CAMP PENDLETON, Calif. --
Dan Daly. Smedley Butler. Chesty Puller.
The names of the Corps’ legends are drilled into the heads of every recruit and candidate during their first few days as Marines. Living up to the legacy of those who have gone before has been a driving principle of Marines since the day after Tun Tavern.
Recently, friends and family held a memorial ceremony for an old Marine who, while less famous, had a life and career just as impactful as the Corps’ greatest legends. After touring the areas of Marine Corps Base Camp Pendleton, California, where he lived and worked as a Marine, the family of retired. Lt. Col. Clark Henry spread his ashes in the water off Del Mar Beach, Feb. 21.
“Lt. Col. Clark Henry was living history, and his generation - the ‘Greatest Generation’ - were the giants that I grew up with,” said retired U.S. Marine Col. Willard Buhl, a friend of Henry. “The men that went over the sea wall at Inchon, who endured 25 below, they’re immortal in our legend as legendary Marines, but he was a living example of it.”
Henry enlisted into the Marine Corps as a 16 year old in September 1942. During World War II, he fought in the Solomon Islands with 3rd Battalion, 5th Marine Regiment, 1st Marine Division, as a telephone operator. He rose quickly through the ranks and became a sergeant just three years into his enlistment at the age of 19. When WWII ended, he went into the reserves but then returned to active duty when the Korean War started in 1950.
“He was an inspirational man and a great example for all of us, and it certainly impacted me." Col. Willard Buhl, a friend of Lt. Col. Clark Henry
In Korea he served as a platoon sergeant for a scout sniper platoon with the legendary George Company, now known as Golf Company, 3rd Battalion, 1st Marine Regiment, 1st Marine Division. The Marines of George Company would earn the nickname “Bloody George” after Chosin Reservoir, and participated in one of the wars bloodiest battles – the fight to defend Boulder City in July 1953. As the war came to a close, Henry was selected to become a commissioned officer.
By the time the Vietnam War started Henry was a major and serving as the executive officer of 3rd Battalion, 4th Marine Regiment, 3rd Marine Division. During Vietnam, Henry earned the Silver Star Medal for carrying a seriously wounded Marine 300 meters through deadly enemy fire to safety. He remained in place under fire until all wounded Marines were evacuated.
Henry served in three of America’s most bloody wars and excelled as a Marine and as a leader. Even long after he retired in 1973, he continued to use his knowledge and experience to influence Marines still serving.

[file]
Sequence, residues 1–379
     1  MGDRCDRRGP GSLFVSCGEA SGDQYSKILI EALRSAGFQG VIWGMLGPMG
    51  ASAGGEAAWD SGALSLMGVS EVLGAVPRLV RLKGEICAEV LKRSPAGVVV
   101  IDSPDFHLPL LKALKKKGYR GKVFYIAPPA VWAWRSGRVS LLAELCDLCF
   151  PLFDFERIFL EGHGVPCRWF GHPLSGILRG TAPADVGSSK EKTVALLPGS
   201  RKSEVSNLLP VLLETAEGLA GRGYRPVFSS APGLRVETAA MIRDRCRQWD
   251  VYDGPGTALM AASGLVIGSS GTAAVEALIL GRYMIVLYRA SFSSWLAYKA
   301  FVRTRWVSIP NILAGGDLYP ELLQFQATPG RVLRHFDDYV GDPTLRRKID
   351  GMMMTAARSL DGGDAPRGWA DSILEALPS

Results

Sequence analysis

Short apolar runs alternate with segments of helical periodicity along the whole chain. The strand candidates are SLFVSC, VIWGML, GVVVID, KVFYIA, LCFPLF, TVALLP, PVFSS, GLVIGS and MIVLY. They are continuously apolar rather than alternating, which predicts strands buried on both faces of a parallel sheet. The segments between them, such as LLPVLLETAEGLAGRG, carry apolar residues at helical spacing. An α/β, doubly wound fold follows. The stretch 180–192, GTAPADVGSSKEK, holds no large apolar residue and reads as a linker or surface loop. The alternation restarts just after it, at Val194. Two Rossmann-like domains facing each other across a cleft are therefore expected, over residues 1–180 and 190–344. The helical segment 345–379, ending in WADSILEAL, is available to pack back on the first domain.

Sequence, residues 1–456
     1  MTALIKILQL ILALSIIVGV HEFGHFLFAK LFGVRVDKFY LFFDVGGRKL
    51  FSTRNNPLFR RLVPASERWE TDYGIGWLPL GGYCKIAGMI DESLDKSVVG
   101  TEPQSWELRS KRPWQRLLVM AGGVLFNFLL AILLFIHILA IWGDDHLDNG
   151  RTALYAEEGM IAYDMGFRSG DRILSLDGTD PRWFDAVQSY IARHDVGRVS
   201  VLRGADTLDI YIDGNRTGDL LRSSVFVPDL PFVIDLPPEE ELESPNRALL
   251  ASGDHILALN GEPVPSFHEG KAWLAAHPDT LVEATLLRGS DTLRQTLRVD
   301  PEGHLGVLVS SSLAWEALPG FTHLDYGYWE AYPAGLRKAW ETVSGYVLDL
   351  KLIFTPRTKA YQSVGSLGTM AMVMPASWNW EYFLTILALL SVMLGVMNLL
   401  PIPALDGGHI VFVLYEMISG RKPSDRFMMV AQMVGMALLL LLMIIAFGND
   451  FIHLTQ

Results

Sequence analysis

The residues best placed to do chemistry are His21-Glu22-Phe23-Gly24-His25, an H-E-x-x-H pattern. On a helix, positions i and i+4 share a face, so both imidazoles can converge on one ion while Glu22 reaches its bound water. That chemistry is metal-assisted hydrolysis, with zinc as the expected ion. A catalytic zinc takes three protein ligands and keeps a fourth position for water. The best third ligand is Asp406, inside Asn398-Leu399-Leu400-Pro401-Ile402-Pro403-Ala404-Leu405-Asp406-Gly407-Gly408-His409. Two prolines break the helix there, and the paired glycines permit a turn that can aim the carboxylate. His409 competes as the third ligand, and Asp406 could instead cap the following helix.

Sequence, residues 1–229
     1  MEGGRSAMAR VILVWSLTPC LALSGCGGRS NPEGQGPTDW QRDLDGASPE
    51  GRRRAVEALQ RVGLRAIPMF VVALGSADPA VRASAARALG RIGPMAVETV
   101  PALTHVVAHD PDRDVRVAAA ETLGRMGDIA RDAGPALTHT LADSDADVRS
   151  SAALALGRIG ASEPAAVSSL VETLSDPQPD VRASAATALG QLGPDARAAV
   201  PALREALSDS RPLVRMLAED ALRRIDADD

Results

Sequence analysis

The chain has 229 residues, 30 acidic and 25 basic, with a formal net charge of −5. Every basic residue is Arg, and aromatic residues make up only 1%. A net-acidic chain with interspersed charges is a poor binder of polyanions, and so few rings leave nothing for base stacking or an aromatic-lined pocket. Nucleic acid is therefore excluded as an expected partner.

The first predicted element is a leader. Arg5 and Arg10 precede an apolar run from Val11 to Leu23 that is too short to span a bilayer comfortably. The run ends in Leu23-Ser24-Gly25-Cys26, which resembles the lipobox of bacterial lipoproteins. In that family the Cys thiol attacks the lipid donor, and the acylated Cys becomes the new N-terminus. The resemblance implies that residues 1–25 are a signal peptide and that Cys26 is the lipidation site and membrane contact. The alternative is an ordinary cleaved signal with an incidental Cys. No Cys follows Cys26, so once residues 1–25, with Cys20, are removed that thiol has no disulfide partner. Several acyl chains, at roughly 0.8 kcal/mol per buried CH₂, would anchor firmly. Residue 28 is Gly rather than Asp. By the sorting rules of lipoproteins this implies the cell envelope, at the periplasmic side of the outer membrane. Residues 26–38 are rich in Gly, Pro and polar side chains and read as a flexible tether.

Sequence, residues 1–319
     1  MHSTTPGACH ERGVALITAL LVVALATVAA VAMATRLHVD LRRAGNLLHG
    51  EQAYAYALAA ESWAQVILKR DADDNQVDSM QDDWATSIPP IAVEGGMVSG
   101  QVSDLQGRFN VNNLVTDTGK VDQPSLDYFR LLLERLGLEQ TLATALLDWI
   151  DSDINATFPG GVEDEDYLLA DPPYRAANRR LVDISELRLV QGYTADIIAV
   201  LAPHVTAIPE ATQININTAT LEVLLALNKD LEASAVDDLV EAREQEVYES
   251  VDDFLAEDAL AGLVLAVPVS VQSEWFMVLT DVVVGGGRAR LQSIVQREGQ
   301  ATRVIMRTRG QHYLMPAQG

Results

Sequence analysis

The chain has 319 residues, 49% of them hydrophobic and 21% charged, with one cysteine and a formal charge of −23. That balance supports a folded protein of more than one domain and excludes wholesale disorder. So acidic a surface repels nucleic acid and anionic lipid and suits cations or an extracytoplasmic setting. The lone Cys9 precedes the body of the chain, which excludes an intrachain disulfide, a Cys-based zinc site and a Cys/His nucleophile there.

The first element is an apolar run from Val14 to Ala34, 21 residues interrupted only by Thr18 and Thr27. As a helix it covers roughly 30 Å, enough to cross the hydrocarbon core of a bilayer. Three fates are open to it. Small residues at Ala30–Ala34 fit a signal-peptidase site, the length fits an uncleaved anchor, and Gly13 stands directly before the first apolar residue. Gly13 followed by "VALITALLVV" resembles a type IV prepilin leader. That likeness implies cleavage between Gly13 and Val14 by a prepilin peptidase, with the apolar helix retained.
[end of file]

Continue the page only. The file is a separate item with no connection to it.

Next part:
“He was an inspirational man and a great example for all of us, and it certainly impacted me,” explained Buhl. “We communicated while I was in Iraq as a battalion commander on unclassified email. I would occasionally bounce ideas and thoughts on things that I was seeing and doing with him and I would always get reassuring notes, and some of them very insightful, certainly in the counter insurgency strategies and tactics we were using.”
According to Buhl, Henry’s connection to the Corps was so strong he felt driven to put the uniform back on after the bombing of the Marine barracks in Beirut, Lebanon.
“Well, Lt. Col. Henry had been retired for 10 years at this point, but he put his uniform back on, got in his car and drove down to Camp Pendleton from San Francisco and went to the division headquarters, and apparently reported in and asked if there was anything that he could do,” said Buhl.
Photo by Lance Cpl. Juan Torres
U.S. Marine Staff Sgt. Joe Williams, right, the staff noncommissioned officer in charge of the color guard with Headquarters and Support Battalion, Marine Corps Base Camp Pendleton, Marine Corps Installations - West, passes off a folded U.S. flag to retired Col. Willard Buhl as part of a memorial service for retired Lt. Col. Clark Henry on Marine Corps Base Camp Pendleton, California, Feb. 21, 2023. Henry enlisted during World War II, received a field commission during the Korean War and received a Silver Star during the Vietnam War. The memorial service included a tour of the 1st MARDIV command post, a tour of Camp Pendleton’s Landing Vehicle Tracked Museum and the release of Henry’s ashes at Del Mar Beach.
Even during the war on terrorism, Henry and George Company veterans would visit Marines who were wounded during the fighting in places like Fallujah, Iraq.
“It’s fair to say his first love in life was the Marine Corps,” said Marisa Borzoni, Henry’s life partner.
But Henry also had a personal life away from the Marine Corps. Even after being involved in some of the bloodiest fighting the Marine Corps has known, he managed to maintain his humanity. While in Korea, a man ran to Henry’s squad with a little girl in his arms begging for help. Her arm was hanging onto her body by a thread. A Navy corpsman had to amputate the little girl's arm and continued to give her the care she needed. In the moment, Henry was struck by the devastation the war had brought to the people of Korea. The moment stuck with him long after he returned home, eventually driving him to adopt a young girl left orphaned by the war.
“He was somebody that you looked up to and can still look up to even now. We all knew Clark as no-nonsense, but he treated you well,” explained Borzoni. “He was loving and kind.”
When Henry passed, it was in the comfort of his own home, surrounded by people who loved him. When he passed, it was as a U.S. Marine.
“When he left, I put a Marine Corps blanket on him because I knew that was important and as he left the house, as crazy as it sounds, we played the Marine Corps hymn,” said Marisa. “The Marine Corps was his first love, that love never went away. It was sad, but we thought we were giving him what he would’ve wanted.”